Washington, DC — The Interior Department has ordered the U.S. Fish & Wildlife Service to conclude a new funding agreement transferring positions and operations for the National Bison Range to a local tribe by the end of March 2008, according to a memo posted today by Public Employees for Environmental Responsibility (PEER). Under this directive, the maximum number of refuge jobs and functions would be ceded to the Confederated Salish and Kootenai Tribes (CSKT).
In a November 26, 2007 memo, Lye Laverty, the newly confirmed Assistant Interior Secretary for Fish, Wildlife & Parks, lays out an “action plan” for resolving the contentious status of the refuge where last year the U.S. Fish & Wildlife (FWS) cancelled a previous funding agreement with the CSKT citing harassment of staff and extensive performance problems.
Under Laverty’s approach –
- National Bison Range would remain “a unit of the National Wildlife Refuge System” subject to “policy and management direction of the FWS”;
- The bison herd at the refuge will stay at “90% of the average” size of the herd for the past three fiscal years; and
- The overall budget for the Bison Range – $1.5 million per year and 13 full time slots – will not change without approval from both Laverty and the FWS Director.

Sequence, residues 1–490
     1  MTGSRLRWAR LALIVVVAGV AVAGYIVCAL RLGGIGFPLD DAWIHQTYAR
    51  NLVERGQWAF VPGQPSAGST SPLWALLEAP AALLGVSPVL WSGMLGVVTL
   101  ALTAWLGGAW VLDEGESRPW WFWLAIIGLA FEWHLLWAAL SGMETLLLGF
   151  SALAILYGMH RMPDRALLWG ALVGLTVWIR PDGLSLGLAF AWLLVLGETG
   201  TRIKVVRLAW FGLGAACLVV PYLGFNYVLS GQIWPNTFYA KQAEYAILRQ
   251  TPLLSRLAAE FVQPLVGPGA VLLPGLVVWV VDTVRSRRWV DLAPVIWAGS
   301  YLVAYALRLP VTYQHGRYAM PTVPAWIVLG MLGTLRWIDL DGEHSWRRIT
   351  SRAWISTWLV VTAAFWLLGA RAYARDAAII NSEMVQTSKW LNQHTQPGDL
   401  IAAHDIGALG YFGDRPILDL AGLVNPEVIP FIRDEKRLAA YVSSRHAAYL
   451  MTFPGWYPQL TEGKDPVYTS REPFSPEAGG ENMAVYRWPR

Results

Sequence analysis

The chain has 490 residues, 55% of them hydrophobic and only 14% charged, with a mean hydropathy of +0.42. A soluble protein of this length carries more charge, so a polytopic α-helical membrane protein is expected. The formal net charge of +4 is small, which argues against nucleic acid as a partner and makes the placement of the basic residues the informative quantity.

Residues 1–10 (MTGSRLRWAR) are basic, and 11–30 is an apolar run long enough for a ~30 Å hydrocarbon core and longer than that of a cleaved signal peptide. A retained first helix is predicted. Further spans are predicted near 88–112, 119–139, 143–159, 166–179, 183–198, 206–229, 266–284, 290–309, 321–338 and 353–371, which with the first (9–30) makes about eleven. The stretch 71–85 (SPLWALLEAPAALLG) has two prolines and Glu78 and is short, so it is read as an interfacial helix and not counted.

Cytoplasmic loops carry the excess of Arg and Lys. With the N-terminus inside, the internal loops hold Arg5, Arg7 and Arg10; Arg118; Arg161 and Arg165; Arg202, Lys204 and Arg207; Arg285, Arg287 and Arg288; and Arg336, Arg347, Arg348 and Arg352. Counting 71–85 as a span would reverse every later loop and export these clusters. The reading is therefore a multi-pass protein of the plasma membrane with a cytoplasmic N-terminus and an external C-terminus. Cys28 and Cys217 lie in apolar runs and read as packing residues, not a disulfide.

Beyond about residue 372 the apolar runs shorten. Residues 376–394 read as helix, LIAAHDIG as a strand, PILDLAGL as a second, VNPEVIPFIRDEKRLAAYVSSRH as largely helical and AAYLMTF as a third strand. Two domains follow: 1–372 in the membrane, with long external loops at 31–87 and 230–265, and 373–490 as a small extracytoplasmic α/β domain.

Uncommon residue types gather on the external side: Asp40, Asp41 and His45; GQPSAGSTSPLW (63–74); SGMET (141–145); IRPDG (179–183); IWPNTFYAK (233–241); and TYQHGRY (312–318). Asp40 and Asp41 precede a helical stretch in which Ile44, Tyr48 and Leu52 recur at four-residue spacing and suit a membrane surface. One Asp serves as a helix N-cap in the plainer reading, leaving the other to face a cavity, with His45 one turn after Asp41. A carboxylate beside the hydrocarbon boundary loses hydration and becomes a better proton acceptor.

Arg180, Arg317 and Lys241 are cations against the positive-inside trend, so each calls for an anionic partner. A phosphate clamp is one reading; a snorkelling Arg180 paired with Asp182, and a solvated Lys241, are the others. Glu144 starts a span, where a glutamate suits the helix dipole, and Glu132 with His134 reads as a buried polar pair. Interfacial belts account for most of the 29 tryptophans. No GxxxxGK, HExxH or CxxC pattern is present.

Laverty directs FWS to start negotiating off of a draft agreement prepared this year by the CSKT. The questions that remain unresolved include –
- Whether every position on the refuge will be transferred to the CSKT? Laverty suggests that only an “inherently federal function” will be withheld from the tribe but concedes that “there is no clear, unambiguous definition of the term”;
- What mechanism will assure adequate performance of refuge functions? In its evaluation of the previous agreement, FWS cited a long list of functions which it charged were not done or improperly performed. CSKT disputed this assessment, however; and
- How to resolve disagreements and “restore…trust and mutual respect”?
“Given that more than 75 national parks and wildlife refuges are eligible for similar tribal transfers, Interior needs to end its ad hoc approach and adopt a national policy on these funding agreements,” stated PEER Executive Director Jeff Ruch, noting that a proposed national policy has been pending at Interior for more than two years. “A function is either ‘inherently federal’ or it is not – what is inherently federal does not vary from place to place or mutate through negotiation.”